• Budd v. Kelly, #5169, 14 A.D. 3d 437, 788 NYS 2d 114 (2005), holding that when unrefuted evidence revealed that a probationary employee was absent from duty and dishonestly charged it to his annual leave thereby extending his probationary period, he can be terminated without a Since he did not admit the essential findings, however, he was entitled to a name-clearing hearing.
  • Graham v. City of Philadelphia, #03-3372, 402 F. 3d 139 (3d Cir. 2005), in which a probationary police officer was terminated after being arrested and charged with having sex with a minor. Following acquittal at trial, the employee requested a “name-clearing hearing” which was denied. The court ruled that the employee had the opportunity to protect his reputation at the criminal trial and that negated his entitlement to a name clearing
  • Purdy v. Cole, 317 So.2d 820, 1975 Fla. App. Lexis 13837, holding that a probationary police officer was entitled to a name-clearing hearing based on his termination for allegedly misrepresenting his prior employment record and his draft


What Procedures Must Be Followed?

The only requirements of a name-clearing hearing are very minimal–it must provide an opportunity to clear one’s name. The requirements of a particular hearing will depend on a fact-intensive review of the circumstances of the termination and how the employee’s good name, reputation, honor, and integrity were affected. Notice of the hearing must be provided to the employee, along with an opportunity to be heard, in front of an impartial tribunal. A full evidentiary hearing is not required, and name-clearing hearings have been strongly criticized in recent years for failing to provide effective remedies for terminated employees falsely accused of highly stigmatizing misconduct, such as sexual harassment or assault. See Name-Clearing Hearings: How This “Remedy” Fails to Safeguard the Procedural Due Process Rights of Employees Accused of Sexual Harassment, by Chiaman Wang, 20 Georgia State University Law Review No. 4 (Summer 2010).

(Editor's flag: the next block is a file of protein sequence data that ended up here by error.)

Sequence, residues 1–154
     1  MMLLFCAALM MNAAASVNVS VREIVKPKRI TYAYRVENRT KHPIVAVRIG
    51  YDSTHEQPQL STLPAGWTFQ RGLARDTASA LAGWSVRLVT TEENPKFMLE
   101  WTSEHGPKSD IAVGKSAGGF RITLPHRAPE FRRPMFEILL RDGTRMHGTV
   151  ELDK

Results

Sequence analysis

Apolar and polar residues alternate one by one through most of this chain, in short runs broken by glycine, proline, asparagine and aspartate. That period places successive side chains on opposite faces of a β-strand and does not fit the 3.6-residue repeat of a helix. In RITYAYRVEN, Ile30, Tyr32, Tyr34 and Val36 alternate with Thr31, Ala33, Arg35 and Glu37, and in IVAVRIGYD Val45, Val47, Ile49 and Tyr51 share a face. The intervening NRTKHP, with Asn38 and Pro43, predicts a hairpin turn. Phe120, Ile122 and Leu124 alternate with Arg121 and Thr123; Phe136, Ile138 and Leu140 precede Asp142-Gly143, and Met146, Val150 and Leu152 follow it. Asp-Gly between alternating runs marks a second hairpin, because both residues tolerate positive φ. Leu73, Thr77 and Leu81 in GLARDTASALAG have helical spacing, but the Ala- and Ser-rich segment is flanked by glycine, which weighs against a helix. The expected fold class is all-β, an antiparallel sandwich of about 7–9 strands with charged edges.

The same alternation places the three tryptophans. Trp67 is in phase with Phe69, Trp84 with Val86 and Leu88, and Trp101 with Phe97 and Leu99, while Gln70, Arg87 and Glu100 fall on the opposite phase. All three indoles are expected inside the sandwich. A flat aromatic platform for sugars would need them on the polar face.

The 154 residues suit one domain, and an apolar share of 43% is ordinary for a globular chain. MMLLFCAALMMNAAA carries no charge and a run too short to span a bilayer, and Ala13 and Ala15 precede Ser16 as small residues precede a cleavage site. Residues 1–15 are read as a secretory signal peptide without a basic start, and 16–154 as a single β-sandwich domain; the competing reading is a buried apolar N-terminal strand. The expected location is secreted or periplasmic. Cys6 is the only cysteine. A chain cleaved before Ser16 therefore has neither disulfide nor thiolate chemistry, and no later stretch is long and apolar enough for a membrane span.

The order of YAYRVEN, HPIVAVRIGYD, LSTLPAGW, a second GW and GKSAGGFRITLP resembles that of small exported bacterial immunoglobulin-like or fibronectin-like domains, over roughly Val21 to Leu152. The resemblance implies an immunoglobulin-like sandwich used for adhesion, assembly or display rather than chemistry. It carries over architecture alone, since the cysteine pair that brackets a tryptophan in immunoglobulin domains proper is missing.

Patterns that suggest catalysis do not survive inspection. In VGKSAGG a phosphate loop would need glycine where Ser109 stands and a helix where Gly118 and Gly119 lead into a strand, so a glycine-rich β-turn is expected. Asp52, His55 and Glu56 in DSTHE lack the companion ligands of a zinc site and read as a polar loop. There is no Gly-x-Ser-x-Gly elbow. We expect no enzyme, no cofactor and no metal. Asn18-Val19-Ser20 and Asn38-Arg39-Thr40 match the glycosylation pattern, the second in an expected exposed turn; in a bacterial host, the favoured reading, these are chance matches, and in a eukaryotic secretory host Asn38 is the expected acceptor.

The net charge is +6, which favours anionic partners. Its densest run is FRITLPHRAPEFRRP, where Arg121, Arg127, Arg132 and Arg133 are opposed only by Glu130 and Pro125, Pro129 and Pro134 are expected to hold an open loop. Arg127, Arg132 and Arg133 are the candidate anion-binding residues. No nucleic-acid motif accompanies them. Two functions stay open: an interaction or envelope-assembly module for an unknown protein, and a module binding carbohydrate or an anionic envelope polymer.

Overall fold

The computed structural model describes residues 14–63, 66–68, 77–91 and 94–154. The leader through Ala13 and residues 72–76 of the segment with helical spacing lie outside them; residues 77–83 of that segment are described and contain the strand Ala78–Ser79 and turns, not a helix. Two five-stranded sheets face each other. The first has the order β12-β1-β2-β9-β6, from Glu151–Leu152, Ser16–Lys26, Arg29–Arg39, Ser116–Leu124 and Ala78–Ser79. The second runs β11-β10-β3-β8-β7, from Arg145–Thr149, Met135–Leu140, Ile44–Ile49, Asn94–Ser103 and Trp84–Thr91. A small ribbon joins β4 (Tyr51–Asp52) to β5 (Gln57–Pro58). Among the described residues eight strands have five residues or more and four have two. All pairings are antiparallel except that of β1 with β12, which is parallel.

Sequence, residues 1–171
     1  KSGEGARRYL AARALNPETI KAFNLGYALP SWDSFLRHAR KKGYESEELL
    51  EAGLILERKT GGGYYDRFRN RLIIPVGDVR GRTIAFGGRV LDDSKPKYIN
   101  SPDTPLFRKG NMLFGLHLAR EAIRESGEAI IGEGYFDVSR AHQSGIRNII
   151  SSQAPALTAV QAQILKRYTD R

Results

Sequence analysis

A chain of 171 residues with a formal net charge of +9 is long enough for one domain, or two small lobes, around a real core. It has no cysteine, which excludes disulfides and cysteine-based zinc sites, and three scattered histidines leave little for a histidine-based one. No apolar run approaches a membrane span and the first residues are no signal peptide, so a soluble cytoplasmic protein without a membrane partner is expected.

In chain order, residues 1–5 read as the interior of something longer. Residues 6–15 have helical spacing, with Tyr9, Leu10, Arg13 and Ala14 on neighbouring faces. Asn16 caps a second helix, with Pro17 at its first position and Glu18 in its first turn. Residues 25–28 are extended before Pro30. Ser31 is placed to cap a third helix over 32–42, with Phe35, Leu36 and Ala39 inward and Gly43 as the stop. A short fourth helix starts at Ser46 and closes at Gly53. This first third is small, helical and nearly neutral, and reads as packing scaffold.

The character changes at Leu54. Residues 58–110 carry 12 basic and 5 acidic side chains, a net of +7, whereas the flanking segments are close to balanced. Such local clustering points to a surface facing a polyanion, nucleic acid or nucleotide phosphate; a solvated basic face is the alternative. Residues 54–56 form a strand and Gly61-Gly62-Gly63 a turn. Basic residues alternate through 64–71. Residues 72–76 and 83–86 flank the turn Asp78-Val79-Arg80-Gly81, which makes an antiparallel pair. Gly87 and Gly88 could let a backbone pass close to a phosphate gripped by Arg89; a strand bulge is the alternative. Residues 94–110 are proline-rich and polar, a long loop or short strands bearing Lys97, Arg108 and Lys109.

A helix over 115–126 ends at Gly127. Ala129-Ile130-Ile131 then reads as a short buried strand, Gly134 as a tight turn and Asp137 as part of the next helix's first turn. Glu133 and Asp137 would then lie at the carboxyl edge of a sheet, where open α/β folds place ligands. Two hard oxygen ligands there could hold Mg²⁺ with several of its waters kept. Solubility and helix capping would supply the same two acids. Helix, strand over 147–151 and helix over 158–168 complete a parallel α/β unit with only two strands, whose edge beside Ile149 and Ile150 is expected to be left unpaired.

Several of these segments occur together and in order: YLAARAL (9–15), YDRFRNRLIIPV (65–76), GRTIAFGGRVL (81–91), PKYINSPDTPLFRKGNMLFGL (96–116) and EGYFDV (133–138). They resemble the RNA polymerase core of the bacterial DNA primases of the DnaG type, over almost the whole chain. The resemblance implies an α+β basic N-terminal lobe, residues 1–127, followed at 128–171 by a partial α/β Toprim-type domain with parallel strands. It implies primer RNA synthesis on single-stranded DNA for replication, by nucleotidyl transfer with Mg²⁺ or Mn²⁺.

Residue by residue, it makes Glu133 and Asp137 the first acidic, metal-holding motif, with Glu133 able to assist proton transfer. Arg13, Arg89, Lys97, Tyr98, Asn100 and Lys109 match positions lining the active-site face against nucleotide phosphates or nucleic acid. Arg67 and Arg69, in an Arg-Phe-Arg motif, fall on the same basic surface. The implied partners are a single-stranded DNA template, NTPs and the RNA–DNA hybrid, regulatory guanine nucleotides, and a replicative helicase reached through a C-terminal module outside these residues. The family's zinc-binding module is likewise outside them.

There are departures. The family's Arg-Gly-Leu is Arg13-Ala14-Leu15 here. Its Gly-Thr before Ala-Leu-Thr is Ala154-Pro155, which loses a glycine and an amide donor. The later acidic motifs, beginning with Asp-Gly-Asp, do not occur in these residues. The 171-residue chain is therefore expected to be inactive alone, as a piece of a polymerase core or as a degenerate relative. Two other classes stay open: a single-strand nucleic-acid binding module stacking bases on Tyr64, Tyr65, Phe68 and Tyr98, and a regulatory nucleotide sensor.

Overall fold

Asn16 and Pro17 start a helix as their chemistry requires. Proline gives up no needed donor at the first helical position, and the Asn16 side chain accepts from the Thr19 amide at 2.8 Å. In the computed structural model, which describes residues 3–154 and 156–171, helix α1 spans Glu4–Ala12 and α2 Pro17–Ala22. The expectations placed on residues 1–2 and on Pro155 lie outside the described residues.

Among other issues, that article notes, while citing relevant caselaw, that:

  • There are no clear procedural guidelines as to how to conduct the
  • A deficiency is the lack of a right to confront one’s
  • The requirement of an impartial tribunal may be illusory when it is often the case that the individuals presiding over the name-clearing hearing are the same individuals who the employee believes wrongfully accused them of misconduct.
  • The employee who succeeds in presenting information that shows that the accusations against them were false has no substantial remedy to compensate them or make them

The author of that article suggests that a substantial remedy for name-clearing hearings to provide would be that any determination that the accusations were false should be disseminated at least as widely as the original accusations, as well as providing mechanisms for the removal of any false accusation from the terminated employee’s personnel file, or the issuance of a letter of exoneration and apology to the terminated employee. Some written policies of municipalities and agencies do make reference to the possibility of the removal of stigmatizing information from public records following a name-clearing hearing, but generally without spelling this out in detail.



The following are some useful resources related to the subject of this article:

Relevant Monthly Law Journal Articles


References: (Chronological)

  1. Name-Clearing Hearings: How This “Remedy” Fails to Safeguard the Procedural Due Process Rights of Employees Accused of Sexual Harassment, by Chiaman Wang, 20 Georgia State University Law Review No. 4 (Summer 2010).
  2. Name-Clearing Hearings: Two Wrongs Make a Right by Brian S. Currey The Urban Lawyer Vol. 14, No. 2 (Spring, 1982), pp. 303-324


The purpose of this publication is to provide short articles to acquaint the reader with selected case law on a Articles are typically six to ten pages long. Because of the brevity, the discussion cannot cover every aspect of a subject.

The law sometimes differs between federal circuits, between states, and sometimes between appellate districts in the same state. AELE Law Journal articles should not be considered as “legal ” Lawyers often disagree as to the meaning of a case or its application to a set of facts.